2. Generally, the rules of international taxation give source-based taxation primacy over residency based taxation — that is, if a taxpayer resident in country A is subject to tax in country B on income with country B as its source, A will generally grant the taxpayer a credit against country A tax for the tax paid to B. Some have argued that the difficulty of creating clear source rule for income from electronic commerce will create pressure to make residence more important. In its extreme form, this would give rise to a rule that the source of all electronic commerce income is deemed to be the country of residence of the taxpayer.
      3. Income characterization. Under the complex rules of international business taxation, it can matter greatly how a particular item of income is characterized. Thus, for example, a payment by a business in country A to another business in country B will give rise to very different tax consequences to each of them depending on whether it is considered a royalty or payment for the purchase of goods. Again, transactions involving the transfer of interests in digitized information, may prove hopelessly difficult to categorize in any systematic and useful way.
      4. Compliance. The internet and related technologies clearly could have a very substantial impact on compliance efforts.
        1. There has been particular attention paid to the various threats to current compliance methods posed by the new technologies. These include the following:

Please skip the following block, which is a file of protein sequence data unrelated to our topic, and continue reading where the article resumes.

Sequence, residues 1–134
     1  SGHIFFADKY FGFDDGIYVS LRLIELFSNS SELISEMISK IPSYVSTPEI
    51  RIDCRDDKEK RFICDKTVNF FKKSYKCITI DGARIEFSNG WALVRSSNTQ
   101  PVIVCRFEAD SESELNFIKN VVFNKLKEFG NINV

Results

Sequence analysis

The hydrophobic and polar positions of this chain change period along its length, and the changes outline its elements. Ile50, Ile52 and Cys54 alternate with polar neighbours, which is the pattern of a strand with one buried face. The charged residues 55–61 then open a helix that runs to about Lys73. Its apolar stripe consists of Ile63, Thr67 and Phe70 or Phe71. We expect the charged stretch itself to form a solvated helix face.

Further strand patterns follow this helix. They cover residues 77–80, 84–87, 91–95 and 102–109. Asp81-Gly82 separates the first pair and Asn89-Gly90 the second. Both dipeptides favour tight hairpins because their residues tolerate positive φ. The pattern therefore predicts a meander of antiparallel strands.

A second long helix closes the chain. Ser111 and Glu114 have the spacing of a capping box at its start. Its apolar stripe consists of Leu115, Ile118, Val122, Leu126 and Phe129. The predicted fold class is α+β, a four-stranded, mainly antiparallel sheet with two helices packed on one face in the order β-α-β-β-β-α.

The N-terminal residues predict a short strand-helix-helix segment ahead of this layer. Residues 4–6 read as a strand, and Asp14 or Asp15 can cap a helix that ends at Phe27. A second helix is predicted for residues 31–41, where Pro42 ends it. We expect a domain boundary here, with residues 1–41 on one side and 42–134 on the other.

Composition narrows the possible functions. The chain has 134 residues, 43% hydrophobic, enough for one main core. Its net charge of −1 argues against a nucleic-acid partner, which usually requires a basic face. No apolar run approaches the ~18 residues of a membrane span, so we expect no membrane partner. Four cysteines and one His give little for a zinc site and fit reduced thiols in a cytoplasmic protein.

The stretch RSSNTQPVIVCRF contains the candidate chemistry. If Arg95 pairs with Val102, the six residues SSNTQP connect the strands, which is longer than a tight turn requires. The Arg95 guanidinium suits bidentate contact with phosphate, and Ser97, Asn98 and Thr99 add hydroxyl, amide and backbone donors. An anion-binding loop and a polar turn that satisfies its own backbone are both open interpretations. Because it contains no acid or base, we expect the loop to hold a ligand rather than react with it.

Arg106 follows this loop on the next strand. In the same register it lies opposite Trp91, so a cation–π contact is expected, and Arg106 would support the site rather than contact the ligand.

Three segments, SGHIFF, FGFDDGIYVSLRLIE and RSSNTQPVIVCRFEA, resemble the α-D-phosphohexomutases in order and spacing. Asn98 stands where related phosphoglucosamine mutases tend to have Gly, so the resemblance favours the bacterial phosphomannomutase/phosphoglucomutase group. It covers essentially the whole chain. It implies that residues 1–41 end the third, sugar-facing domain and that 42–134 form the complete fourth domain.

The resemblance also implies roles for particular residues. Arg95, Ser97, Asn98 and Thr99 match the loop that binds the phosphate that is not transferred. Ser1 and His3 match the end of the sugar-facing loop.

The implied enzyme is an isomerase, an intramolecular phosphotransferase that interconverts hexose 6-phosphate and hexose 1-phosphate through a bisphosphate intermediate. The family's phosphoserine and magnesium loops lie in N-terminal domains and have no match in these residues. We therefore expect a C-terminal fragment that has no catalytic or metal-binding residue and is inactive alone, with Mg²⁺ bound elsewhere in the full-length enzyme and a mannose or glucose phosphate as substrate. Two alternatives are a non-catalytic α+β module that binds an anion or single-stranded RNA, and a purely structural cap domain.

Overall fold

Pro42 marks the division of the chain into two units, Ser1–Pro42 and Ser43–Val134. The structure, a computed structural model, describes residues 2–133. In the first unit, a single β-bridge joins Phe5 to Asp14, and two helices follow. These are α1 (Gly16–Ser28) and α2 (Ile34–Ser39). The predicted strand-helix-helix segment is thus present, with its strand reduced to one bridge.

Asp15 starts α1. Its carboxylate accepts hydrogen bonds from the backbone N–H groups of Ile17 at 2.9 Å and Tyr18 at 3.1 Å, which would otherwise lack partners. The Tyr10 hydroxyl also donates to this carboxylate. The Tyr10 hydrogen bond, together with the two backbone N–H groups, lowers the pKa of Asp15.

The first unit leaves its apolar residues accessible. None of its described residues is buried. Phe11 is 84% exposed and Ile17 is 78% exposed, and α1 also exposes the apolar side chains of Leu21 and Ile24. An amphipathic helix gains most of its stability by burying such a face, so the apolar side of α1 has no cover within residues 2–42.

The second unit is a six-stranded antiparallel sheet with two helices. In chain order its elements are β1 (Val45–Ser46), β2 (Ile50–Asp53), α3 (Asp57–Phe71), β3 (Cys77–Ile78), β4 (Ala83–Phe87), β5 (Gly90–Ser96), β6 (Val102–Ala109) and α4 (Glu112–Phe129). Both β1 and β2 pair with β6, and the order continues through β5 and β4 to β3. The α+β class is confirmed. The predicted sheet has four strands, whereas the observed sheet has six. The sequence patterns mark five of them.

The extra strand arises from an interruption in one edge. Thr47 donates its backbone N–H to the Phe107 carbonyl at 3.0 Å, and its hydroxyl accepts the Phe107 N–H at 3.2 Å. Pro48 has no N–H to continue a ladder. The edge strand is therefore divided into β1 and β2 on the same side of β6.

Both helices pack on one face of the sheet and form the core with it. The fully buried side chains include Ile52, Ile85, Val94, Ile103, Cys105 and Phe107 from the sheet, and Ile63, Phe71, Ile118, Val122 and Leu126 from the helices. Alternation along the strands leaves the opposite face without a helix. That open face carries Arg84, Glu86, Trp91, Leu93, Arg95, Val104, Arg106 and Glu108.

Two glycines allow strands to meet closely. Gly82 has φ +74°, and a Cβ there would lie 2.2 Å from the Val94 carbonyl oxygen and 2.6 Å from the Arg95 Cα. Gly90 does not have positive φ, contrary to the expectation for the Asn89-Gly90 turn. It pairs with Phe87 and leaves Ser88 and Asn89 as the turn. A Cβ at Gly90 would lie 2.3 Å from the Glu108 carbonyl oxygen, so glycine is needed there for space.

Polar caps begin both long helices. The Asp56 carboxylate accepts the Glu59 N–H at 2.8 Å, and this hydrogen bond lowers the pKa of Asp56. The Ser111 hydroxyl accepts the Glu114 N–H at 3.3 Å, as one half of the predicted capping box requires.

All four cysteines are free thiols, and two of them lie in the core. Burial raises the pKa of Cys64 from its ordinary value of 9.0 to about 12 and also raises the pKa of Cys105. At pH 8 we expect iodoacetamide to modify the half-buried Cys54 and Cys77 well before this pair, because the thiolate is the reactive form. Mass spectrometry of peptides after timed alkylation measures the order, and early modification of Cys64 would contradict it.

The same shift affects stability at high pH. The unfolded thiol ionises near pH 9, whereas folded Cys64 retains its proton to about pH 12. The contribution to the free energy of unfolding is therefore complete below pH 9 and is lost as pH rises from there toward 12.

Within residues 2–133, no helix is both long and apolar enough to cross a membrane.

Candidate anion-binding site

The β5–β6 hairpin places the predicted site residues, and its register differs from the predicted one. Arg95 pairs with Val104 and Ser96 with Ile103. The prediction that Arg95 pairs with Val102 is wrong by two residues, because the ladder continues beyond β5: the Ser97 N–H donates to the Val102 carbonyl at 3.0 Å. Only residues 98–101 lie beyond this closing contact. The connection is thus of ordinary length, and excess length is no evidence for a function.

1. Electronic payment systems may make it harder to trace the movement of cash or to identify the true identity of parties to a transaction.
          2. Offshore banking, securities trading and gambling, all fertile ground for tax evasion by resident tax payers, may be greatly facilitated by internet access.
          3. If reliable forms of unaccounted electronic cash are developed that can accommodate high value transactions, they could facilitate the development of underground economies that erode the current tax base — for both direct and indirect tax systems.
        2. There may also be opportunities for enhancing compliance efforts through the use of the technology of electronic commerce.
          1. Much has been made of the fact that new forms of electronic payment may facilitate the widespread use of so-called micro transactions, where a person can be charged relatively small amounts for use of a data-base, for example. If the software can be developed to keep track of such amounts with incurring the transactions costs that current credit and debit card facilities require, it may also be possible to use that technology to collect certain taxes with greater accuracy and lower transaction costs. For example, a state could, with the cooperation of the financial institutions administering such a electronic cash system, collect use tax directly from its residents with respect to purchases made in that way.
          2. The use by governments of the internet to track transactions and collect taxes will be a source of great concern for those who worry about privacy. But whatever rules are developed to protect privacy interest in the context of the vast amount of personal information that an active web user may transmit to the world can certainly be made to apply to governments as well as others. The IRS, certainly, has an admirable record of protecting the privacy of the information that it gathers on all taxpayers.
          3. The key to constructing a system that protects the legitimate taxing function of the state without placing an undue burden on the various legitimate participants in e-commerce will be cooperation among governments and between business and government to make the most effective and least intrusive use of modern technology to deal with the impact of that technology on our tax systems.